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Type “scientist” into Google and what images do you find? As author Margot Lee Shetterly would describe it, the results are pretty pale. They are “mostly male. Usually white.”
But the Virginia writer knew this convention to be false. She grew up surrounded by blacks in STEM. Her father spent 40 years working in NASA’s Langley Research Center in Hampton, Virginia. Her aunts and uncles overwhelmingly made their way into engineering and technology. To Shetterly, “the face of science was brown like mine.”
It makes sense, then, that her first book, “Hidden Figures,” was sparked by a visit home, when her father casually mentioned that her former Sunday school teacher, Kathleen Land, worked for NASA as a mathematician. Shetterly, 47, followed that thread and spent the next several years researching these little-known “human computers,” women who, for decades, were tucked away in footnotes, their contributions to flight and space exploration gathering dust.
“Hidden Figures” brings four particular women out of the shadows — Dorothy Vaughan, Katherine Johnson, Mary Jackson, and Christine Darden.
Through careful interviews and painstaking research, Shetterly tells their stories. The book begins in 1943, with the country in the throes of World War II. A labor shortage and concurrent pressure from civil rights leader A. Phillip Randolph forced the government to put out the call to women of all races to work as mathematicians at the National Advisory Committee for Aeronautics — the predecessor to NASA.
As each woman — Vaughan, Johnson, Jackson and Darden — joined these ranks, she was shown to racially separate facilities and lunchrooms.  Shetterly asks readers to imagine “the chutzpah it took for an African-American woman in a segregated southern workplace to tell her bosses she was sure her calculations would put a man on the moon.”
But these women pushed back in ways both significant and measured.  One colleague, Miriam Mann, would swipe the “colored computers” sign off their designated lunchroom table every day, daring supervisors to put it back. Jackson found herself telling her boss’ boss that his numbers were incorrect, only to have him come to apologize after he realized she was right.
Taraji P. Henson (left, in pink), Octavia Spencer (center left) and Janelle Moane (right, on desk) star as three NASA mathematicians in “Hidden Figures.” The book explores their journey, as well as a fourth woman, Christine Darden, who does not appear in the film.
Incidents of resistance also show up in the movie adaptation of the book, starring Taraji P. Henson as Katherine Johnson, Octavia Spencer as Dorothy Vaughan and Janelle Monae as Mary Jackson. (Darden, who didn’t join NASA until 1967, doesn’t appear in the film.)
All three deliver solid performances, making the viewer comfortable in a world where equations run off the tongue as easily as a recipe in more conventional fare. While Henson’s character receives most of the screen time, it is Monae’s character that elevates the film above a one-note exercise. Jackson’s story — fighting to become the first African American aeronautical engineer at NASA — is worthy of a film of its own.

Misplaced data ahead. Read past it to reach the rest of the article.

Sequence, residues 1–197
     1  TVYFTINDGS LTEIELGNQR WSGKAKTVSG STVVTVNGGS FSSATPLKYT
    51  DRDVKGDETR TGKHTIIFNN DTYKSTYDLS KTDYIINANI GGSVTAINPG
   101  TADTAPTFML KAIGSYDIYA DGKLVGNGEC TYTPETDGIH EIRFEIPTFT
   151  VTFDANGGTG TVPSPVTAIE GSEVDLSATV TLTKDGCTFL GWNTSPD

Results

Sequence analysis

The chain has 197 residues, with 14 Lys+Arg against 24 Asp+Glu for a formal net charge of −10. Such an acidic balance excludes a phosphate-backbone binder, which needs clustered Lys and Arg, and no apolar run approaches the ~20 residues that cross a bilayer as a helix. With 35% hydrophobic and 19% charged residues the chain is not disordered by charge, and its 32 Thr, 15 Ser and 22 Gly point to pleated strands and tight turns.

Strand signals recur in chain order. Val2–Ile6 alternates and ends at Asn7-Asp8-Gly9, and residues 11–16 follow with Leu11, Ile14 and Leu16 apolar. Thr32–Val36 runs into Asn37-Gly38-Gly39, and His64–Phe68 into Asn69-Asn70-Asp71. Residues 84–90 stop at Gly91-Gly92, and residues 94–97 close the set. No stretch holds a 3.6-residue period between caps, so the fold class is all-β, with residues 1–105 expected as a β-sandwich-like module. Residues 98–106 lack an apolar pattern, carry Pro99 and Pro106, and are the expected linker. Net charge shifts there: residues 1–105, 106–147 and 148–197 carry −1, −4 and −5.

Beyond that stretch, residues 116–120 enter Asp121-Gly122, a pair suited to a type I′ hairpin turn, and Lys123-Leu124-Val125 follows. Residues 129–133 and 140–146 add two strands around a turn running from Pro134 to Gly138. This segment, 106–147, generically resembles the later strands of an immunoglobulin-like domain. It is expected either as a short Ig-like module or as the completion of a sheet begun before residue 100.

Both the movie and book make us wonder: How much promise and potential was lost in the teeth of Jim Crow? How much help did Jim Crow give the Russian’s space program?
Shetterly may have an answer in her next book. She’s working to uncover more “Hidden Figures.” It’ll be fascinating to see who she brings into the light.

I defy gravity/I am stronger than any force/I am Brooklyn

This isn’t a verse from one of Jay Z’s latest records, but rather the first lines from a high school student’s entry in the Science B.A.T.T.L.E.S. competition. 

Students from nine New York City schools competed in June, part of a network of student rap contests that marry verbal dexterity with concepts from plate tectonics to Pluto.  These aren’t lectures but true competitions—students in Oakland, California, rapped about whether Rosalind Franklin was ripped off by James Watson and Francis Crick in their discovery of the architecture of DNA.

Stage names were welcome—one student performed as “Double R Bars.” Teachers encouraged adolescents to be energetic and creative as they rhymed lyrics on stage in front of family and peers. 

Christopher Emdin, associate professor at Columbia University and author of Urban Science Education for the Hip-Hop Generation, came up with the idea. His goal is simple: introduce scientific ideas in a way that’s fun and relevant. 

“Not every student is going to be a straight-A student, and go on to college and declare a science major and be the next Einstein,” he says. “But through this project we definitely are going to have more scientifically literate young people.”

NPR captured behind-the-scenes footage in this seven-minute documentary of the rap battle. Watch it now: